Moreover, power stations operated according to the ‘normal cycle’ system, one major shortcoming of which is the high levels of fuel consumption involved: only 40 per cent of the fuel used produces electricity, with the remainder wasted.19 Due to the continued dependence on traditional fuels such as natural gas and mazut (fuel oil), any shortages of, or increases in, the price of petroleum products causes a crisis in regard to the production of electricity.
With the entry into the 21st century, such a crisis arose due to a drastic decrease in the availability of petroleum products, for various reasons. In fact, during the second decade of the 2000s, Egypt’s position shifted from being a net exporter to being a net importer of petroleum products. This reliance on imported fuel inputs to generate electricity worsened the production cost crisis.
The decline in the production of petroleum products was not simply the outcome of natural causes pertaining to resources in Egypt. Energy subsidies for the end consumer – including fuel for cars, energy for industry, and electricity for consumers – alongside the scarcity of financial resources, also contributed to widening the gap between the price of petroleum products purchased from oil extraction companies, the majority of which were (and continue to be) foreign companies,20 and the price of the final energy product. As a result, the state’s accumulated inability to pay what was owed to extraction companies21 led the latter to reduce their investments in Egypt.22
After the momentous events of the January 2011 revolution, due to the instability of the regimes that followed, the Ministry of Petroleum withdrew from new exploration agreements, a decision also fuelled by Egyptian Gas companies’ latent anger at the 20-year-long period of fixing the purchase price of foreign partners’ shares.23 Hence, the weak investment rates in the energy sector and the decline of petroleum resources led to a greater dependence on imports, which, in turn, increased the costs of petroleum inputs for electricity production, putting the subsidies system under still greater strain.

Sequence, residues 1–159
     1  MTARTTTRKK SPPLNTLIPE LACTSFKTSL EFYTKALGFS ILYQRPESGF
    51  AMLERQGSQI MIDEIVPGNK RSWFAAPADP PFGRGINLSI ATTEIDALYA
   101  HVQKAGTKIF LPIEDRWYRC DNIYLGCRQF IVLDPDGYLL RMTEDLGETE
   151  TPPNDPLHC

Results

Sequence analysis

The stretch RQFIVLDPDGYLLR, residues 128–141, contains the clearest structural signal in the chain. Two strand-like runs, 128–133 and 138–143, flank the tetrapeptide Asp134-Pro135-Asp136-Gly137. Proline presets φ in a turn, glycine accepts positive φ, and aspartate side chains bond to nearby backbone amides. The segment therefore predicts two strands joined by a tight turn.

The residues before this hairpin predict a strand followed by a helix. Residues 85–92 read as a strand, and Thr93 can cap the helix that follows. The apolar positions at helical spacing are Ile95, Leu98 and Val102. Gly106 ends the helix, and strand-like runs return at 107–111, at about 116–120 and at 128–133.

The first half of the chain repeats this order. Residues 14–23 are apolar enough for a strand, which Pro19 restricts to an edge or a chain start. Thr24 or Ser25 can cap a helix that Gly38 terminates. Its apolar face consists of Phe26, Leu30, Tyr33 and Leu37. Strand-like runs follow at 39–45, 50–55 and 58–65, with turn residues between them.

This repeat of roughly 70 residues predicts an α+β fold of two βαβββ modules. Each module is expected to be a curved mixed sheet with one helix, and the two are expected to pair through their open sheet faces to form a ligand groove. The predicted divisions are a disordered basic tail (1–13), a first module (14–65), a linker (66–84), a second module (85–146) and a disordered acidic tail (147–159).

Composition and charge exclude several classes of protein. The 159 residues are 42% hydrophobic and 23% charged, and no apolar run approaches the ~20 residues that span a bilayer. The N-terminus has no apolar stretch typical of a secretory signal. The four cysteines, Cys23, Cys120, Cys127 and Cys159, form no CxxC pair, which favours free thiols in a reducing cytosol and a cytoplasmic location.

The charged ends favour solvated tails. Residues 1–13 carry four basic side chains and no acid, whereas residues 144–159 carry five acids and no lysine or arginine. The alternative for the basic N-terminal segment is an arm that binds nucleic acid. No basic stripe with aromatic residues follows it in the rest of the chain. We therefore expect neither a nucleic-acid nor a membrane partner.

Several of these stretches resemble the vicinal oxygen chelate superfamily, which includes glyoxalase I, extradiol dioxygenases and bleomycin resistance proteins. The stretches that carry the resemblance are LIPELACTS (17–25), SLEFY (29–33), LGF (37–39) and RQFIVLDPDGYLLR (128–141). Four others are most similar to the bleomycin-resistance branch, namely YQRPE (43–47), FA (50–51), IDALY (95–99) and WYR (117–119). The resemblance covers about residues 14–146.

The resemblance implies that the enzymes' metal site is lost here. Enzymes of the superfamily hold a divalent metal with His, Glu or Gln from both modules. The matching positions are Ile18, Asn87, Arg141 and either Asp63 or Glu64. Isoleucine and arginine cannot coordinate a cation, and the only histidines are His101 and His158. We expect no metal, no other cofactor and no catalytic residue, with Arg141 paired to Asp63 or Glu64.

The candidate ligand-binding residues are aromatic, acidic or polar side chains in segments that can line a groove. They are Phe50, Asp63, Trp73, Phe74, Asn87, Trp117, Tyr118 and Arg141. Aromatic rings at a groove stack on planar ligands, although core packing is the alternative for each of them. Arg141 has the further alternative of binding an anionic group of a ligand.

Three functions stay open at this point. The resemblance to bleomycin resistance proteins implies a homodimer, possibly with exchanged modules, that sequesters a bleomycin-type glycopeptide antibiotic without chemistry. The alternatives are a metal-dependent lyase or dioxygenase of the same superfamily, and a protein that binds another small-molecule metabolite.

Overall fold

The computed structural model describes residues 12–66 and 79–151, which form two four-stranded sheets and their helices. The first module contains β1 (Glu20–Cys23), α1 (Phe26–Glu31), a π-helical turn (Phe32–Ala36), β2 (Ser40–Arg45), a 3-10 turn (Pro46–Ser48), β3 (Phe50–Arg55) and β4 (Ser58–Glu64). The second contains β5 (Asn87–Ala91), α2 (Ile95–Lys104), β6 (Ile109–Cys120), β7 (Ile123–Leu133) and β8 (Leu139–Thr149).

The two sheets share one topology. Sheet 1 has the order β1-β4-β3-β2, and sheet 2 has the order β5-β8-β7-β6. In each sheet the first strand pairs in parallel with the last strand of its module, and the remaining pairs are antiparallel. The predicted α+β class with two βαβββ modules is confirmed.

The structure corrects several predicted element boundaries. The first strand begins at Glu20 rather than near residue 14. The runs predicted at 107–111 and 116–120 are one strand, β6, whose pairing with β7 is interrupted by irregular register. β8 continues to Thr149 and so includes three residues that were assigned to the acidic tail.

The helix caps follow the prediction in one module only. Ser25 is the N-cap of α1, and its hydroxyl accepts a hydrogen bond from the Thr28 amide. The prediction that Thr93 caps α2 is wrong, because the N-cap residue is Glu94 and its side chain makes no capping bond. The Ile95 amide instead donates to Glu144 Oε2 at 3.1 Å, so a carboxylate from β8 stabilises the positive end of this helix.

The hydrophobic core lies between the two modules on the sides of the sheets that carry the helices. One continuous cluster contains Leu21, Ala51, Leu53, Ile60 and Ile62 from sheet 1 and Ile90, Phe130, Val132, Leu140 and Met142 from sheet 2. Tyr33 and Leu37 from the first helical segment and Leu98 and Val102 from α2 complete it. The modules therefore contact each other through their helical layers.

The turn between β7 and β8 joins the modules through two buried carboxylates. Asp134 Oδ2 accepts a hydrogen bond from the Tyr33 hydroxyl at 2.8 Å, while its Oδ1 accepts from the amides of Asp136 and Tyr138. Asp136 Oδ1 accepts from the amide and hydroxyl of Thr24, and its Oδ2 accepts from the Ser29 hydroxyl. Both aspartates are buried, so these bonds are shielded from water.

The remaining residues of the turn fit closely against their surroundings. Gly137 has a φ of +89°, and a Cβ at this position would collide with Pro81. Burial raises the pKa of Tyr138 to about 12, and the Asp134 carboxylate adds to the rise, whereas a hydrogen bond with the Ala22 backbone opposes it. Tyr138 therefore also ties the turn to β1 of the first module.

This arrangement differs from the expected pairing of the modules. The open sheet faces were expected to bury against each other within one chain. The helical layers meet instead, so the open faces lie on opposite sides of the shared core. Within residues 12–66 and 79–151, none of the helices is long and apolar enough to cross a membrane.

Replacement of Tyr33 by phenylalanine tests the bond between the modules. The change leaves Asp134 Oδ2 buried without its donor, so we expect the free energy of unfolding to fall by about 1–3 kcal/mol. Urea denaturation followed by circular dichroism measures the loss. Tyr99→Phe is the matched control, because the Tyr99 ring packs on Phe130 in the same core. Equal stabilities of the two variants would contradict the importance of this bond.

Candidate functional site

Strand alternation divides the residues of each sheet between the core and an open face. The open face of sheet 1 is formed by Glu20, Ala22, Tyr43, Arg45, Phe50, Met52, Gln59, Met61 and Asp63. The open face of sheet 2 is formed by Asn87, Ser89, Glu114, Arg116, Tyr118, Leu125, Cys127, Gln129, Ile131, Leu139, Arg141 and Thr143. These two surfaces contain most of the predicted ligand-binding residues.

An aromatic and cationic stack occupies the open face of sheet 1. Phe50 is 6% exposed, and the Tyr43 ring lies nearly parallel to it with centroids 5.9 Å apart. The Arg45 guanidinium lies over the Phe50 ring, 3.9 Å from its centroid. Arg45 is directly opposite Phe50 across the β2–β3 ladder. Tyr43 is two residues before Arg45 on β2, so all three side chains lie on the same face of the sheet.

Due to general political instability and the deterioration of foreign exchange reserves after the January 2011 revolution, the government persisted in the policy of imposing power cuts in order to reduce costs. These power cuts took a heavy toll in terms of public discontent within private households – the major electricity consumers – and economic losses in both the production and service sectors.24 These developments paved the way for the accelerated liberalization of the electricity sector, and the further integration of the private sector into the energy production system, whether as a funder of governmental projects or as an independent producer.
In this period, international financial institutions pushed for the dismantling of the electricity system created in the 1960s, as the only solution to the sector’s crises. These institutions argued that through the liberalization of fuel and electricity prices it would be possible to reduce unnecessary energy demands, such as wealthy families’ increasing reliance on energy-intensive air conditioning. Additionally, the same institutions proposed curbing support expenditures (subsidies), which, they argued, significantly contributed to the budget deficit.
These international financial institutions argued that liberalization would transform the Egyptian Electricity Holding Company (EEHC) from a net loss-making body into a profitable one, which, they argued, would make its contracting parties, particularly international funders, more favourable towards it. Moreover, it was argued that liberalization would also aid the rapid development of infrastructure, while improving efficiency and reducing energy waste.